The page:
Smallholders might want to grow kohlrabi, to make a change from growing the same old faithfuls summer after summer. Kohlrabi is a somewhat underrated vegetable and can be very eye-catching in your garden.
This vegetable is low in saturated fat and cholesterol, as well as good source of Thiamin, Folate, Magnesium and Phosphorus, and a very good source of dietary fibre, Vitamin C, Vitamin B6, Potassium, Copper and Manganese. Please note though that a large portion of the calories in this food come from sugars.
The seeds are available from a number of online sources.
A member of the Brassica family, Brassica Oleracea (Gongylodes group), kohlrabi prefers well-drained, fertile soil high in organic matter and with a pH 6.0 to 7.5.
Sow directly in the garden, in full sun. Sow seed at a depth approximately three times the diameter of the seed.
Best planted at soil temperatures between 8°C and 30°C, kohlrabi does well as a spring or autumn vegetable. However it is sensitive to extreme cold. For autumn harvests, transplant or direct-seed into the garden in summer as space becomes available. Crops planted midsummer for autumn harvest generally have fewer insect problems and a less bitter flavour.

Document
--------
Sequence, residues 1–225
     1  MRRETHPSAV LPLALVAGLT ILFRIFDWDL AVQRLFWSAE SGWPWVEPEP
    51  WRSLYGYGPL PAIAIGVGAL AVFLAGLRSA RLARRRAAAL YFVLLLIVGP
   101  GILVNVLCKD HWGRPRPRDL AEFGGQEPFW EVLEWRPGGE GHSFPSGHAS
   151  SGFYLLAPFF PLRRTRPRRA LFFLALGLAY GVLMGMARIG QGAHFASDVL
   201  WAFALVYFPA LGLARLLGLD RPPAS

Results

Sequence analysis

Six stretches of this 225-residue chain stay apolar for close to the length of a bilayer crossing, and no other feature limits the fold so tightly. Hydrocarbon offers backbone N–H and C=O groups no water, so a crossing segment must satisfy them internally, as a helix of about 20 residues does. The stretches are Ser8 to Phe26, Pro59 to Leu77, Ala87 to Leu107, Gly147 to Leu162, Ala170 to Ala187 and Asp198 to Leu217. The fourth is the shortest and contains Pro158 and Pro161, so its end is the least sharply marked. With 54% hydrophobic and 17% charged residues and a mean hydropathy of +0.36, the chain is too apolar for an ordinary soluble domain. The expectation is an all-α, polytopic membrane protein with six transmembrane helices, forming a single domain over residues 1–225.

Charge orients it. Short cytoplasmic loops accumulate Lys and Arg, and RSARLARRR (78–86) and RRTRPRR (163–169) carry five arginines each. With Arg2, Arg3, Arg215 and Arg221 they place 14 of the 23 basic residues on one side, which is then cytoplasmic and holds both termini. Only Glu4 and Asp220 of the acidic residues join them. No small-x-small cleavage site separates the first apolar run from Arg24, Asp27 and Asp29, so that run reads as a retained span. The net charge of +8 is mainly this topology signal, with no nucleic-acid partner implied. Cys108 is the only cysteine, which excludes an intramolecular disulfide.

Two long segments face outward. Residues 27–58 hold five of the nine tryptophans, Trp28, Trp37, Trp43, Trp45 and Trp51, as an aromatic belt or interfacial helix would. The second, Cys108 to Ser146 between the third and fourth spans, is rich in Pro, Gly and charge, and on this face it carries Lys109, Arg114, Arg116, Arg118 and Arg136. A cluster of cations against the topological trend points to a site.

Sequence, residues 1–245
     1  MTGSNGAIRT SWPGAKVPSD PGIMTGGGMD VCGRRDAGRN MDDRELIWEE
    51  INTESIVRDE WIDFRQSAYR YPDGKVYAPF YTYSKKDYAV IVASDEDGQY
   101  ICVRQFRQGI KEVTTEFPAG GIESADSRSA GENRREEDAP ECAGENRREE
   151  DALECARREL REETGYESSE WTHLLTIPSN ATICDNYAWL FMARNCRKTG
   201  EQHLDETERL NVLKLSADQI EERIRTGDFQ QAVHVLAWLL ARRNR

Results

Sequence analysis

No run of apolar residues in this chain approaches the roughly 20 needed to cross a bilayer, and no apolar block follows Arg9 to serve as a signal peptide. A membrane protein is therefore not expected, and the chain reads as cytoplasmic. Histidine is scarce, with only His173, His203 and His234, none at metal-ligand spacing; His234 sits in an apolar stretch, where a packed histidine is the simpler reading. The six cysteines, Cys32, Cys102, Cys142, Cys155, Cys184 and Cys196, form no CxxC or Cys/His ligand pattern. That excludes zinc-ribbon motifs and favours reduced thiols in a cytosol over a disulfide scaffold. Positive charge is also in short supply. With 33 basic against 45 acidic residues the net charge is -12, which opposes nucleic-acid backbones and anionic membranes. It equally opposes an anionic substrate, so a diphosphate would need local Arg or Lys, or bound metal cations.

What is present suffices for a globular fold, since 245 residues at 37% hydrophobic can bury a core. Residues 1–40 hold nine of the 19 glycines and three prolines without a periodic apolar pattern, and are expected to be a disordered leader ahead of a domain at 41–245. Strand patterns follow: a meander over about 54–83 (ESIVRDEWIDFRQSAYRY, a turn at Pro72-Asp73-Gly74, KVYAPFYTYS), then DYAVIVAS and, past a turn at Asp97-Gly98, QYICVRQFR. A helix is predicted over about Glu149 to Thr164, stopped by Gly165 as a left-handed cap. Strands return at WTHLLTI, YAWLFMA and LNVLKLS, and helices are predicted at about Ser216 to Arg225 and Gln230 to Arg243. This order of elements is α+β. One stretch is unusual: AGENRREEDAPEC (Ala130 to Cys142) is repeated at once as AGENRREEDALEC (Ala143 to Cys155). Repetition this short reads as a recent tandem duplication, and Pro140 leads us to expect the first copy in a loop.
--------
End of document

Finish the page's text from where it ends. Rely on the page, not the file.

Space the plants 10 – 25 cm apart. This heavy feeder also needs plentiful, consistent moisture.
There are two varietals available ~ White Vienna and Purple Vienna. Purple Vienna has a lovely crispy sweet flavour and the purple skin and sweet, white flesh are good cooked or raw.
It grows well with asparagus, bush beans, beetroot, celery, leek, lettuce, onion, pea, petunia, potato, radish and spinach. Avoid growing close to climbing (pole) beans, tomato, peppers (chilli, capsicum), eggplant (aubergine), strawberries and mustard.
They will be ready to harvest in 7-10 weeks.
Flavour and How to Prepare Kohlrabi
The edible portion of kohlrabi is the rounded, swollen stem that develops just above the soil line. Some people also eat the leaves.
Kohlrabi tastes similar to cabbage and turnips, the vegetables it most resembles, but has a milder and sweeter flavour than either of them. Some people describe the flavour as similar to that of broccoli stems.
One way to prepare kohlrabi is to cut off the leaves, peel the bulbous stem, cube it and steam it. Serve with a white sauce.
It can be eaten raw, grated into salads.
Another recipe entails cooking slices of the stem in butter, along with some onion, then adding some of the chopped leaves to cook just long enough to wilt them and finally stir through cream. Spices such as cumin or coriander would also add interest.
To read about growing and eating other vegetables click here.
Subscribe to the SA Smallholder online.